Several participants stand in a circle around blue tape and pieces of paper laid out on the floor.

Highlands Neighborhood Association partnered with Habitat for Humanity to host a two-day Participatory Leadership & Advocacy Training at the Washington state capitol in June.

Representatives from 20 organizations attended, including a few of our Southwest Washington partners. Experts coached participants on the importance of community leadership and inclusion, and shared how to plan well-organized strategies and approach legislators for effective policy change. 

All we can say is, WOW! Props to Highlands Neighborhood Association. We love it when our community partners find ways to share skills with other organizations in their region. And we love it even more when they are building power for advocacy, leadership, organizing and policy change! This is how we will achieve better health for everyone in Oregon and Southwest Washington.

Highlands Neighborhood Association is the lead organization for Highlands Grows and Shares, an Organizing Grant Community funded by our Healthy Beginnings+Healthy Communities Initiative.

Improving Health for Iraqi Refugees

When calculating the costs of war, we often neglect the health and economic costs of traumatized immigrants coming to the U.S. as refugees from violent, and prolonged, conflicts in places such as Vietnam, Afghanistan and Iraq.

Despite being tens of thousands of miles from the war zone, Oregon’s Iraqi population is still struggling with the resonating consequences of violence and displacement. Many who sought refuge and asylum in the United States from the first Iraq war continue to deal with lingering trauma - more than twenty years after immigration.

Research shows that refugees from wars and civil conflicts are particularly vulnerable to ill health. The Iraqi Society of Oregon (ISO) is dedicated to helping immigrants deal with the trauma they experienced in their home country, the culture shock of adapting to new lifestyles and systems, and economic and social isolation they still experience today. These challenges have been identified as “triple factors” of trauma that make so many immigrants vulnerable to ill health.

In December 2011, the Iraqi Society of Oregon received a $50,000 capacity-building grant from the Kaiser Permanente Community Fund to gain social, psychological, and medical support for Iraqi immigrants. “This project will work on researching, educating, and healing the immigrants and refugees so they gain life skills for a positive health attitude and create a change to seek a healthy lifestyle,” said Baher Butti, executive director.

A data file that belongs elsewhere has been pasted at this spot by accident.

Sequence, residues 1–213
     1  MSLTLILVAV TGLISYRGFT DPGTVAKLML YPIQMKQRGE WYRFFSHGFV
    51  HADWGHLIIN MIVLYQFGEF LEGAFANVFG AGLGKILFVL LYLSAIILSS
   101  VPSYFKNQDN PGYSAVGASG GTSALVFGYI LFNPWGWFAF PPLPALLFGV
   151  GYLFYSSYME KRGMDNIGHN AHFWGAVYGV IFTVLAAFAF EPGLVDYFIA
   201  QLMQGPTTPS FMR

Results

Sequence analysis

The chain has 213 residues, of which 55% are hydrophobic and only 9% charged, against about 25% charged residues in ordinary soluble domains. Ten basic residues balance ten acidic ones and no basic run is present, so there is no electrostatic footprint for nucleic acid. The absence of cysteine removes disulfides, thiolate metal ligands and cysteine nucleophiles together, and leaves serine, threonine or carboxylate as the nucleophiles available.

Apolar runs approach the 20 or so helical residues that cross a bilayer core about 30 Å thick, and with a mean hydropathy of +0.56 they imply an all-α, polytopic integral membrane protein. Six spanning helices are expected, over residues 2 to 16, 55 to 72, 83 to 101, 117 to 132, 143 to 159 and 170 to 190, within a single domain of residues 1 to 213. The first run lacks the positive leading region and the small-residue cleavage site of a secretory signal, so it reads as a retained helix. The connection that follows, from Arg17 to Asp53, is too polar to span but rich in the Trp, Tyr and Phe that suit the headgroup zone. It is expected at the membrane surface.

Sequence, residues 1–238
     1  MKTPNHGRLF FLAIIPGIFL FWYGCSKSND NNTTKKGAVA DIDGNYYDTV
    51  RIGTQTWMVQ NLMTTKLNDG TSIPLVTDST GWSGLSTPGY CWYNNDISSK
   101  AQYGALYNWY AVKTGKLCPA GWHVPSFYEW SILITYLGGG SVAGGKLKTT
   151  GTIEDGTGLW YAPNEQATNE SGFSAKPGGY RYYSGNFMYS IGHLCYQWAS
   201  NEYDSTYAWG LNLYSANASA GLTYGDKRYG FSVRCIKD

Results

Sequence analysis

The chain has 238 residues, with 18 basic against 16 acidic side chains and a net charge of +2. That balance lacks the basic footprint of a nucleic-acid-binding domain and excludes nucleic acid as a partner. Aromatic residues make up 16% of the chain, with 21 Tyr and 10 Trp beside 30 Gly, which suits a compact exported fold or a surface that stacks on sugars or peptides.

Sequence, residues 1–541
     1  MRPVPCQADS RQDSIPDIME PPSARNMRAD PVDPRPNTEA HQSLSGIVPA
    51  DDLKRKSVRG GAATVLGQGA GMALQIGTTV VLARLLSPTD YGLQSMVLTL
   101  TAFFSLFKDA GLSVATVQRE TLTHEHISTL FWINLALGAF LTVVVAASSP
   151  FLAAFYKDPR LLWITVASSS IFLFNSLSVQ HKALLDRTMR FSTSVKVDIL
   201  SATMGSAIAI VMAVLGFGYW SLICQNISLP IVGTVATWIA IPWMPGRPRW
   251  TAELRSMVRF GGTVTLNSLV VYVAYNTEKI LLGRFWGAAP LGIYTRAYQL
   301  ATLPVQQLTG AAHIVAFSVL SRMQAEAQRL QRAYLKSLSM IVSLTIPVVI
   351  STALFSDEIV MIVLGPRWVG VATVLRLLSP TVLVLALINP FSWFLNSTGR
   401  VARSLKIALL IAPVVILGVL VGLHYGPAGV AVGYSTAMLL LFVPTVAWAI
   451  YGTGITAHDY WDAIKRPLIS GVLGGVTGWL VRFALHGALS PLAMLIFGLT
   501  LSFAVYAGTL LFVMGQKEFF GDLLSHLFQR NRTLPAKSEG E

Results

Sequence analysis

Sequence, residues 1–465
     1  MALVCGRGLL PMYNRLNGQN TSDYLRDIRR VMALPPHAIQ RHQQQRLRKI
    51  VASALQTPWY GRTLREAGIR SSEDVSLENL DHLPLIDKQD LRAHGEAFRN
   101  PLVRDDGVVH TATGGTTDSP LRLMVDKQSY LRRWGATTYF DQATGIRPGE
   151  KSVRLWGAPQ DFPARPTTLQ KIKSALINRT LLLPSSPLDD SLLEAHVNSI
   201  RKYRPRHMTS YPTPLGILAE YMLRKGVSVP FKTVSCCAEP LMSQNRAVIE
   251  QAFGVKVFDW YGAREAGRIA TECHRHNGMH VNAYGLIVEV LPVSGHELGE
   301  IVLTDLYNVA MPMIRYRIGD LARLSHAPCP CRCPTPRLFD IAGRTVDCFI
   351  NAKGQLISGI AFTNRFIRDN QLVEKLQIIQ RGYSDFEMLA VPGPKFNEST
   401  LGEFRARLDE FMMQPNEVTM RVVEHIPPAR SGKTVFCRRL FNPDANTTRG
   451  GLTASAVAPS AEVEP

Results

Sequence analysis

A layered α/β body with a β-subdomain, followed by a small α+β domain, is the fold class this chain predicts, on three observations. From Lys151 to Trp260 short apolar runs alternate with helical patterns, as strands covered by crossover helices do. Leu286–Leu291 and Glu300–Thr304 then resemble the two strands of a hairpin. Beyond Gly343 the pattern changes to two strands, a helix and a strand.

“Many traumas take place, and most are not dealt with properly.”

Even after 20 years, the Iraqi population of Oregon still experiences high levels of poverty, poor health, and isolation, much of it a result of the different phases of loss that they went through in the refugee process. “The local Iraqi community lives in isolation,” Butti says.  “Most arrived as early as the 1990s, after the first Gulf War.”

Baher Butti was a practicing psychiatrist in Iraq until he fled from the most recent war in 2006. He was exiled in Jordan when Dr. David Kinzie, a professor of psychiatry at OHSU, invited him to a world conference to speak about the psychological trauma. Dr. Kinzie ultimately helped him find asylum in the U.S.

Through the Kaiser Permanente Community Fund, the Iraqi Society, the Center for Intercultural Organization, and the Beaverton Mayor’s Office are now working collaboratively to respond to the Iraqi population’s needs by coordinating culturally-specific services, mental health, city government, and schools. This solution moves Iraqi immigrant “upstream” by bringing together social and economic integration with a holistic mental health approach.

“Health inequities are reflected in unjust distribution of resources, power, and opportunities that lead to poor health outcomes for the refugees and immigrants,” said Butti, “However, this project is solution oriented, and aims to achieve multicultural health equity through community members, community organization, and policy and system change.”

“There is an honest desire from the larger community to reach out to new communities, especially refugees and immigrants.”

While the wider community will now have the opportunity to connect with the Iraqi community, Butti says the newcomers have a responsibility too.

“Inclusiveness is a mutual process where people provide support and embrace the newcomers to facilitate their healing,” said Butti, adding, “and the new comers will contribute with their values, and productivity, and even historical background to the new community.”